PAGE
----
As previously reported in the Bulletin, SB 636, by Senator Jerry Hill, would modify a provision included in the last year’s redevelopment budget trailer bill relating to the allocation of property tax revenues from the Redevelopment Property Tax Trust Fund.
The Senate Appropriations Committee had planned to hear the bill on April 15, but now plans to consider the measure next Monday, May 6.
AB 436 (Jones-Sawyer) – Support
As Introduced on February 15, 2013
AB 436, by Assembly Member Reginald Jones-Sawyer, would apply the principle of comparative fault to inverse condemnation cases where the defendant is a government agency. It would also apply normal tort standards relating to post-offer costs.
The state of the law on the issue of comparative fault has been uncertain for years. Because of the uncertainty, public agencies in inverse condemnation cases are at risk of being found liable for the full cost of a property, even when the agency only had a small part of the fault. AB 436 would settle this area of law reasonably and fairly.
The other provision of the bill would encourage property owners in inverse condemnation cases to accept reasonable settlement offers from the public agency. Under current law, if the property owner recovers anything, they are entitled to their full attorney fees and costs. This is only true for inverse condemnation cases. AB 436 would instead specify that if the plaintiff rejects an offer and fails to obtain a more favorable judgment, the plaintiff cannot recover costs incurred after the time of the offer. These new provisions are not only fairer, but also help to ease the burden on the courts.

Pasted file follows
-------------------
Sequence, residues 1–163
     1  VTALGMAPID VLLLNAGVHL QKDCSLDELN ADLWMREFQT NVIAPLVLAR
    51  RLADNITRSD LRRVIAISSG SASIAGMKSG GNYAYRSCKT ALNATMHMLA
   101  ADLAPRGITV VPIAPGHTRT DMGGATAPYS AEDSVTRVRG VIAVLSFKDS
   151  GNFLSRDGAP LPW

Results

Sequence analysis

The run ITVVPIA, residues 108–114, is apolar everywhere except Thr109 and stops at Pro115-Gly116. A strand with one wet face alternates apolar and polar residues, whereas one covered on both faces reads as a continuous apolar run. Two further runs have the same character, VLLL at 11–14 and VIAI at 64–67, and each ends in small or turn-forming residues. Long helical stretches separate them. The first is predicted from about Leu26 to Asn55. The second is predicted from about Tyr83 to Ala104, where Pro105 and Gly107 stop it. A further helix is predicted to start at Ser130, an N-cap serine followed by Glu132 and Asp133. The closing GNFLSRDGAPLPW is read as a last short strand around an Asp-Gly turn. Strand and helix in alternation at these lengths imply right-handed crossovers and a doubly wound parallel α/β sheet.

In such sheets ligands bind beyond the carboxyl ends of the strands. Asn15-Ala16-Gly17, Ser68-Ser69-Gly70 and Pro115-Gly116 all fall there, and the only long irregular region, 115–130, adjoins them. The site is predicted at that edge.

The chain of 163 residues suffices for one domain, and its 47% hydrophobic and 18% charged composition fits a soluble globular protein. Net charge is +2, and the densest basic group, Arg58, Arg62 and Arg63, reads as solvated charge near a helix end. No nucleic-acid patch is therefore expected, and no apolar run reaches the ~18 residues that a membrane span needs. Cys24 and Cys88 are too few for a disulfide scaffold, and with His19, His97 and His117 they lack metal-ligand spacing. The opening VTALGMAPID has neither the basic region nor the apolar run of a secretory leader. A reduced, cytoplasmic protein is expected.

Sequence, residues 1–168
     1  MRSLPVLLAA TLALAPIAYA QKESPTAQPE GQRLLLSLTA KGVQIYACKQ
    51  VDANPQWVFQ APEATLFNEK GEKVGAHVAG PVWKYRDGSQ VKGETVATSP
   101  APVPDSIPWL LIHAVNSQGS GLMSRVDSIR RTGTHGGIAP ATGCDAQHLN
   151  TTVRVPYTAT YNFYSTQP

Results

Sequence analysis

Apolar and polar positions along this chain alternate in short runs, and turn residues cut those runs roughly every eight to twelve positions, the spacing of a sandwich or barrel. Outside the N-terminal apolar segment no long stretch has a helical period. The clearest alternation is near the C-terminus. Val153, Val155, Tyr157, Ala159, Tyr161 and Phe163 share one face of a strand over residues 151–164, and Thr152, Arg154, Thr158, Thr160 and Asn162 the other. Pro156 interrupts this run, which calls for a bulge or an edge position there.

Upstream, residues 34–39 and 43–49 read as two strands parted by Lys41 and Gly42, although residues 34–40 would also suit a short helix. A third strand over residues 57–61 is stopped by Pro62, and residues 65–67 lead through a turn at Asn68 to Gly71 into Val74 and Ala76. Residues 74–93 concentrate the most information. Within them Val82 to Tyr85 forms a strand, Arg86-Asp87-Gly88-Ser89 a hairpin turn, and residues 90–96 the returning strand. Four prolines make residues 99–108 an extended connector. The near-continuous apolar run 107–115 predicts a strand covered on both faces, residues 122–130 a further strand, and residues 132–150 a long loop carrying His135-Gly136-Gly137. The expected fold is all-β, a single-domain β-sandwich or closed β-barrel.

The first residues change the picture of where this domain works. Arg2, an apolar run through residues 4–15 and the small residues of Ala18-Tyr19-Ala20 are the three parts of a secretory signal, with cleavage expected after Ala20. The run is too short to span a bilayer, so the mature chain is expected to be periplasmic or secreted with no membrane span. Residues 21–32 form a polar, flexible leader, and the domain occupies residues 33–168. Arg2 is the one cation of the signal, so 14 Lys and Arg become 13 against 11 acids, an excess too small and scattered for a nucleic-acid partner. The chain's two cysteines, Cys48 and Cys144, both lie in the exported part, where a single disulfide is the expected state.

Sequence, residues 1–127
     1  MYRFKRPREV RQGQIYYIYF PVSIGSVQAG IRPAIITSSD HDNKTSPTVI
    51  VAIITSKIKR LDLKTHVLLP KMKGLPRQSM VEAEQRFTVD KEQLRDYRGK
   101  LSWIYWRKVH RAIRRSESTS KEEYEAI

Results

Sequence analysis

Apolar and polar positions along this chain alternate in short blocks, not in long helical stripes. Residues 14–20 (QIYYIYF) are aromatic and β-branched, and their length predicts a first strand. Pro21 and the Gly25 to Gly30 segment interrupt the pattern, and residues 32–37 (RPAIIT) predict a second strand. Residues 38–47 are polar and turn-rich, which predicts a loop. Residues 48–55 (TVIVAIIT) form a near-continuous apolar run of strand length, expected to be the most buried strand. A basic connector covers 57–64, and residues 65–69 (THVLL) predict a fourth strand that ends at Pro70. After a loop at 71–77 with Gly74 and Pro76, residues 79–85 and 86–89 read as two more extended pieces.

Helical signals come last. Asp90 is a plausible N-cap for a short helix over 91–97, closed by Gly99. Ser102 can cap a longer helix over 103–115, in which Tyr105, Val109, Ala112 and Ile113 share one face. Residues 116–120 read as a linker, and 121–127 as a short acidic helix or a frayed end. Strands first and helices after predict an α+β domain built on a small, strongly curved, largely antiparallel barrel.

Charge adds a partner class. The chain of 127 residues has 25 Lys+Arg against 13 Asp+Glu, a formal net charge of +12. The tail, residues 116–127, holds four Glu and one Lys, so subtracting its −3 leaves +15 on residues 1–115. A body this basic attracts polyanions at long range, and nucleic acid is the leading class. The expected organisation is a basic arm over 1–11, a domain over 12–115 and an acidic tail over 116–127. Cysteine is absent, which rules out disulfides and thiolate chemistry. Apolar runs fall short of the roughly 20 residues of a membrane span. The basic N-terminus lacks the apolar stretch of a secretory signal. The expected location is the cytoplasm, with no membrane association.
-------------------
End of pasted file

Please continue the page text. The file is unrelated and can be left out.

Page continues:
The Assembly Judiciary Committee has scheduled the bill for hearing next Tuesday, May 7.
SB 519 (Emmerson) – Support
As Amended on April 1, 2013
SB 519, by Senator Bill Emmerson, would change statute to say that the state shall pay the costs of special elections the Governor calls to fill state and federal vacancies, restricted to expenses counties incur in 2012 and 2013. The bill does not make an appropriation.
A statute to this effect was in effect for many years up through the end of 2008. Since the beginning of 2009, counties have tens of millions of dollars to fill well over a dozen vacancies. This bill only applies to expenses incurred in 2012 and 2013. Counties have already conducted four primary and general elections to fill vacancies since the beginning of 2012, and anticipate holding four more, with a total estimated cost of between $5 million and $10 million.
Every other level of government, except schools, pays their share of election costs, but counties are required to pick up the state’s share. The costs of state and federal vacancies come to counties unexpectedly, after their budgets have passed, and put additional load on already strained county general funds.
The Senate Elections and Constitutional Amendments Committee passed SB 519 unanimously at its hearing last Tuesday, April 30. The bill now moves to the Senate Appropriations Committee, which has scheduled it for May 13.